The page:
Wednesday May 22, 2024

Health concerns

By Editorial Board
May 12, 2020

Imagine hospitals in which patients lie in beds, perhaps even attached to monitoring devices and oxygen masks, with no one to offer them the care they so urgently need. As we end the lockdown in the country at a time when there are over 31,600 cases and almost 700 deaths, we also have 11 health professionals who have so far lost their lives to the deadly virus in Pakistan. In total, 440 doctors, 215 paramedics and 111 nurses have been infected so far. The last 257 cases of confirmed infections among medical staff came between May 5 and May 9. Nurses, who mark International Nurses Day today, are like other medical staff naturally terrified. Nurses are central to care at hospitals across the world, and Pakistan’s ratio of 0.5 nurses or less to every 1,000 people is insufficient in the first place. We need to give the profession of nursing far greater respect. As their organisations have pointed out, they have appealed repeatedly for better and more protective gear and also opposed the end of the lockdown, with senior doctors representing various organisations including the PMA making their opinions well known since the decision to reopen was announced by the prime minister. Hospital officials fear that at specialized care facilities, there will soon be a severe shortage of trained staff. The fact that doctors, nurses and paramedics are also putting themselves into self-isolation after coming into contact with someone who tests positive for coronavirus adds further to the shortfall.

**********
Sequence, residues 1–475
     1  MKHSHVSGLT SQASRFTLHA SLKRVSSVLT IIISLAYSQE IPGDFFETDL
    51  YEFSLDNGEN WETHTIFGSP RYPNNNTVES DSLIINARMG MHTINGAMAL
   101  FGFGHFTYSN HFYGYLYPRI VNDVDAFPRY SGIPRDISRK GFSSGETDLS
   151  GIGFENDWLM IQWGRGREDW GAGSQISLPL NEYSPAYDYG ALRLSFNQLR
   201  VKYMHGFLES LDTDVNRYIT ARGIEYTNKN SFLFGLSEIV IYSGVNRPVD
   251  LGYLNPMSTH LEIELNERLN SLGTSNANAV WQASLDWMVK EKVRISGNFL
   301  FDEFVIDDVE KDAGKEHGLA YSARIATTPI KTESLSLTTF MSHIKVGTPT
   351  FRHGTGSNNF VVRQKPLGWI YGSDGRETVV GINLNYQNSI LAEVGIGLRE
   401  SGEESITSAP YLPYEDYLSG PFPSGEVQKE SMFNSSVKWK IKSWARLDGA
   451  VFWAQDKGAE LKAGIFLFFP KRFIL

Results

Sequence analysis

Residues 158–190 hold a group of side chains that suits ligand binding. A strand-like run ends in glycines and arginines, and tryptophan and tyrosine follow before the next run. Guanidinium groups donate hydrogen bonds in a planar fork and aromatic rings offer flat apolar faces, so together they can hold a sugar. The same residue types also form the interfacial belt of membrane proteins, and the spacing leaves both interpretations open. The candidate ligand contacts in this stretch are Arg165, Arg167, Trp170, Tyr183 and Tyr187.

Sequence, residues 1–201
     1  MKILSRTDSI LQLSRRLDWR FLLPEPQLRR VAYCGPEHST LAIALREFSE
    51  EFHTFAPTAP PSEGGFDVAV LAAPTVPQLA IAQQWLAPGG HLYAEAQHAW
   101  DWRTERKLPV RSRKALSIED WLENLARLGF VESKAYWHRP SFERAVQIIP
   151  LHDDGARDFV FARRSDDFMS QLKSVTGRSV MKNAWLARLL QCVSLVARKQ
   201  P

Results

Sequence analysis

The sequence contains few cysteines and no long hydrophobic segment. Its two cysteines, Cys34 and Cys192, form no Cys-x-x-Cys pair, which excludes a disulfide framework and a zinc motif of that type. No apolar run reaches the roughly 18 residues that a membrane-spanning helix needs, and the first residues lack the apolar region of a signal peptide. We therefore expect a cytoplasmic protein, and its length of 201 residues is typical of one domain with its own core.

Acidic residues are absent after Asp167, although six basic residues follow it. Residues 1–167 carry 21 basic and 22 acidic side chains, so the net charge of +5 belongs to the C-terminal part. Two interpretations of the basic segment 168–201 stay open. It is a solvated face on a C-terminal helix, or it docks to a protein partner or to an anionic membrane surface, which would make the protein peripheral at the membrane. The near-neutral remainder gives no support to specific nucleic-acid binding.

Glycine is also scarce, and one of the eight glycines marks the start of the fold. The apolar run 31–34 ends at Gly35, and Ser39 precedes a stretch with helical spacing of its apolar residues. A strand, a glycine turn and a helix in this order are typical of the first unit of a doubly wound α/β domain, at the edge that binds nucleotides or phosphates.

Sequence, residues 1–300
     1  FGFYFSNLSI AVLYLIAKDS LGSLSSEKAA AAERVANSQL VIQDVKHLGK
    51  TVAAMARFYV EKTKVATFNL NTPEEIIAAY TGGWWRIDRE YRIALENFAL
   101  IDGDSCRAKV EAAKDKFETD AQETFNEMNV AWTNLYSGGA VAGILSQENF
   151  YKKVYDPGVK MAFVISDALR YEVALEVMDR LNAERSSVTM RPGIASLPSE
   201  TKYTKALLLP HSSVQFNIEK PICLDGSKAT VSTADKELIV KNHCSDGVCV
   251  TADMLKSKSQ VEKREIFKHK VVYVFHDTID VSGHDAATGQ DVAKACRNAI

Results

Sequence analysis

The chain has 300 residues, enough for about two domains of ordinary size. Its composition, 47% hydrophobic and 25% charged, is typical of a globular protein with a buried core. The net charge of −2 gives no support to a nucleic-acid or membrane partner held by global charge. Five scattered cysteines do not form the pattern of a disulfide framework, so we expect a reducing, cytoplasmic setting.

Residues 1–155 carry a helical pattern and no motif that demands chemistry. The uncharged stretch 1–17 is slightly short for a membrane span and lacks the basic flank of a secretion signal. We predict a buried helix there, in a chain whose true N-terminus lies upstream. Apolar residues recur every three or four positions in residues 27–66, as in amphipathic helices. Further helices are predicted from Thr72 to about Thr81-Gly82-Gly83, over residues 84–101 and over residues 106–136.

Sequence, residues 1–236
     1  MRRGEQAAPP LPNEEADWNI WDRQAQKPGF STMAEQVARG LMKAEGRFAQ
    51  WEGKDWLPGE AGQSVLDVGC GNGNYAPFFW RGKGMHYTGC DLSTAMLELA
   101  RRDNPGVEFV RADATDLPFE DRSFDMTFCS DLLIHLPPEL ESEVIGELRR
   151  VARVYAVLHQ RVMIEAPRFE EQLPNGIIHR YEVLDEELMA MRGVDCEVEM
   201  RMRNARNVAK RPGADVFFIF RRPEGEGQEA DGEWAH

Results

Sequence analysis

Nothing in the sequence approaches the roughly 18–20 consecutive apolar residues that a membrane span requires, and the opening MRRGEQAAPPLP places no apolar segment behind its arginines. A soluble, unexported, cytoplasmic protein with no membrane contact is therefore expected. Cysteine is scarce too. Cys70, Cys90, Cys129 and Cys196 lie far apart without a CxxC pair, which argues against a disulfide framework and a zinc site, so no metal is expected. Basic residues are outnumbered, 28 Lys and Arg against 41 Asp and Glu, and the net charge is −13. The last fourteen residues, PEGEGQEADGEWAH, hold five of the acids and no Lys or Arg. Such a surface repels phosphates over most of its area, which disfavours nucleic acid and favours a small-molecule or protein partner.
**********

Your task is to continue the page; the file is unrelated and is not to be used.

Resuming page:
Some specialized centres caring for other conditions are already facing possible closure after staff members have tested positive. Most health workers are contracting the infection at critical care facilities where they must work closely with Covid-19 patients. One healthcare provider is on life support at present, and there are dozens others waiting for test results. All four provinces as well as Gilgit-Baltistan and AJK have been affected, with 186 healthcare providers in Khyber Pakhtunkhwa and 184 in Punjab positive for the virus. This is hardly surprising, given that while doctors may have now received PPEs which some say are of inferior quality, nurses and paramedics have largely been ignored. Obviously, if healthcare providers land up in hospital beds themselves, patients will suffer. We wonder if the government has plans to tackle this crisis. After all, no one can stand in for doctors. This is not a matter of calling in volunteers.

Health workers suggest a larger-scale awareness campaign. But it is unlikely that this would work, with major cities now already set to be engaged in pre-Eid shopping, given the opening up of market places. This can only speed the spread of the virus, create a scenario where our poorly maintained healthcare system collapses and we lose the lives of more professionals who are attempting to save citizens from possible death. Pakistan is now amongst the 20 countries in the world with the highest coronavirus burden. It is also a country that has relaxed the lockdown at a time when cases continue to spike. The wisdom, or lack of it, will become clearer in the two to three weeks ahead during which we can only pray for our medical staff and hope there is some attempt to enforce the SOPs agreed upon before lifting the lockdown.